A friend alerted me to A Critic’s Manifesto by Daniel Mendelsohn:
‘In the nineteen-seventies, when I was a teen-ager and had fantasies of growing up to be a writer, I didn’t dream of being a novelist or a poet. I wanted to be a critic. I thought criticism was exciting, and I found critics admirable. This was because I learned from them. Every week a copy of The New Yorker would arrive at our house on Long Island, wrapped in a brown wrapper upon which the (I thought) disingenuously modest label NEWSPAPER was printed, and I would hijack the issue before my dad came home from work in order to continue an education that was, then, more important to me than the one I was getting in school.
I learned. I learned about music, particularly opera, from the fantastically detailed reviews by Andrew Porter, the music critic—mini-essays so encyclopedic in their grasp of this or that composer’s oeuvre, so detailed in their descriptions of the libretto and score of the work in question, from Mozart to (a great favorite of his, I distinctly recall) Michael Tippett, that the review could be half over before he got around to talking about the performance under review. But this was the point: by the time he described what he’d seen on stage, you—the reader—had the background necessary to appreciate (or deprecate) the performance as he had described it. I learned about other things. Thanks to Helen Vendler, who in those days regularly contributed long and searching essays about contemporary poets and their work, I began to think about poetry, its aims and methods; and perceived, too, that good poetry ought to be able to withstand the kind of rigor that she brought to her discussion of it. (In those high-school days, we thought that poetry was pretty much anything about “feelings.”)’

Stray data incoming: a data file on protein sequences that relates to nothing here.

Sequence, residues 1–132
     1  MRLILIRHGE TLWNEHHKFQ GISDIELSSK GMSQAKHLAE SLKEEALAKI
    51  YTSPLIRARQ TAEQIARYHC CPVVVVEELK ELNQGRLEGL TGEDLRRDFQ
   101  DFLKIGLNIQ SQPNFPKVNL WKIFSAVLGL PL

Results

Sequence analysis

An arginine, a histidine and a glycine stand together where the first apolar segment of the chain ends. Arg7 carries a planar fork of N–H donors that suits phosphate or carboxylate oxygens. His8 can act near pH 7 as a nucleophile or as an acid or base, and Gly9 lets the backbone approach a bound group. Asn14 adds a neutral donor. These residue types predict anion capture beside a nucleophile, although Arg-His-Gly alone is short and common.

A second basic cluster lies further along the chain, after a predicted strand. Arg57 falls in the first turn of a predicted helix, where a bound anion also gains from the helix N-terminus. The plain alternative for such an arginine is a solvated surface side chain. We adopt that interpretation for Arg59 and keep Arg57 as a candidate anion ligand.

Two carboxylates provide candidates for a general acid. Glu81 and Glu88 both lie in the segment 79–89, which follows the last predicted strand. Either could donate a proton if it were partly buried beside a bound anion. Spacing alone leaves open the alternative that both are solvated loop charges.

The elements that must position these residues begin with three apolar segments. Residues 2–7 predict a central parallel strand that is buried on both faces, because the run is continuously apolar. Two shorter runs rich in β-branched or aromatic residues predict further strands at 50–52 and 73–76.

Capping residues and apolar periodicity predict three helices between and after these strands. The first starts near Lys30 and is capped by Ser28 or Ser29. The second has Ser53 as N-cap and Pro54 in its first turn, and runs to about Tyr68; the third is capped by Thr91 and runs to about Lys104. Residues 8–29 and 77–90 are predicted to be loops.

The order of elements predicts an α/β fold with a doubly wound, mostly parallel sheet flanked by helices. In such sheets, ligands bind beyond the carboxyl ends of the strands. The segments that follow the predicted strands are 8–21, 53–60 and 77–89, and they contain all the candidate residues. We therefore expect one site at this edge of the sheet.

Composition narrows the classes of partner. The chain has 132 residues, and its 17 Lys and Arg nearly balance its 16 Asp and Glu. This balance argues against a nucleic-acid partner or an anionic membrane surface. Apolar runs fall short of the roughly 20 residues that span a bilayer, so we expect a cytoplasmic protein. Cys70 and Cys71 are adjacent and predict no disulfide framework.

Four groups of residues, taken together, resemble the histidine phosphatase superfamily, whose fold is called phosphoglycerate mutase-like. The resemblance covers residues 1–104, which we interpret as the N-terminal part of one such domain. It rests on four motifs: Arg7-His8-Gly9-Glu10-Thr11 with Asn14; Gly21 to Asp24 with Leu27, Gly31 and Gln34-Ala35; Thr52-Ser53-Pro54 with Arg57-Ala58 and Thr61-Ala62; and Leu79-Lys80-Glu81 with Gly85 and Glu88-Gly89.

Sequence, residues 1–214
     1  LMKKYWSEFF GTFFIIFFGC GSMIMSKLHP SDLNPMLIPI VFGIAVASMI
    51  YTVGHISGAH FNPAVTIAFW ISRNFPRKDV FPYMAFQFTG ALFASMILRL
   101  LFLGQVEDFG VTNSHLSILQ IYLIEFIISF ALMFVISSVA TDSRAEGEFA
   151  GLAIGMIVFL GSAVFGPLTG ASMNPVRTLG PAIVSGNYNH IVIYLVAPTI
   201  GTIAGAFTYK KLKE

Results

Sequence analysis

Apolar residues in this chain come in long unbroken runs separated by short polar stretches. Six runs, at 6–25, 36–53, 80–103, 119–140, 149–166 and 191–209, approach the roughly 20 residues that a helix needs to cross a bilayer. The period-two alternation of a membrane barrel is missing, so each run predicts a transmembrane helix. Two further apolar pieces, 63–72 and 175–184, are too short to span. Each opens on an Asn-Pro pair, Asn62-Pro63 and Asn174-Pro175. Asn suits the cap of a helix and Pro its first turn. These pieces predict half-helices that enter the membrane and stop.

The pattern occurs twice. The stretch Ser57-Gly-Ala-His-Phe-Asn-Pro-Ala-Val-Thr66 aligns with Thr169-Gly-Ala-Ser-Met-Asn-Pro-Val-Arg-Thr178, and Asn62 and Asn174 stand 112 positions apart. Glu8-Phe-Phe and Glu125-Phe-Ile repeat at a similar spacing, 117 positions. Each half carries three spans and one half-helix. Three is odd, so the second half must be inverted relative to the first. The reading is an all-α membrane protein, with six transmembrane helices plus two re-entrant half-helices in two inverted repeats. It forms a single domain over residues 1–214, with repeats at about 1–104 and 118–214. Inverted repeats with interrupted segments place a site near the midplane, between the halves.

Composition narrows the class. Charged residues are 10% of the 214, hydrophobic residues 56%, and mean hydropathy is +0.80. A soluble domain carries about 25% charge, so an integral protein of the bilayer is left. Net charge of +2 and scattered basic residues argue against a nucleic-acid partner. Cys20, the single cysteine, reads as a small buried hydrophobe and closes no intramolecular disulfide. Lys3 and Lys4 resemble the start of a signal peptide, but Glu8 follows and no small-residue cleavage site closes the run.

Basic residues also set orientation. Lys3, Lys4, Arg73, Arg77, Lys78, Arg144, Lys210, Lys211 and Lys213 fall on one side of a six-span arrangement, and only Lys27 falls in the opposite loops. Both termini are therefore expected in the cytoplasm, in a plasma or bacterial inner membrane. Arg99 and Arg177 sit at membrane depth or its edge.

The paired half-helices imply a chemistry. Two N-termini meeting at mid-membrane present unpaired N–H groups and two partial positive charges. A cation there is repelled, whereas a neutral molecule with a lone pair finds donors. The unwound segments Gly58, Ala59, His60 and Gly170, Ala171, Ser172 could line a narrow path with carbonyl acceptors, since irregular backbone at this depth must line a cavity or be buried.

(Read the complete article here.)
Mendelsohn explains that a critic is more than a tool of the marketing department (five stars! Must-read) – the critic is a teacher.
“By dramatizing their own thinking on the page, by revealing the basis of their judgments and letting you glimpse the mechanisms by which they exercised their (individual, personal, quirky) taste, all these critics were, necessarily, implying that you could arrive at your own, quite different judgments—that a given work could operate on your own sensibility in a different way. What I was really learning from those critics each week was how to think. How to think (we use the term so often that we barely realize what we’re saying) critically—which is to say, how to think like a critic, how to judge things for myself. To think is to make judgments based on knowledge: period.
For all criticism is based on that equation: KNOWLEDGE + TASTE = MEANINGFUL JUDGMENT. The key word here is meaningful. People who have strong reactions to a work—and most of us do—but don’t possess the wider erudition that can give an opinion heft, are not critics. (This is why a great deal of online reviewing by readers isn’t criticism proper.)”
Yes, we need critics to teach us how to think.
A while ago an editor at a Dutch weekly told me that the readers loved very short reviews, because they could get all the information they needed without losing much time. But for example these detailed descriptions Andrew Porter offered his readers are impossible in articles of less than 300 words.
Taste without knowledge is a waste of time.
And we tend to mistake strong reactions for meaningful reactions.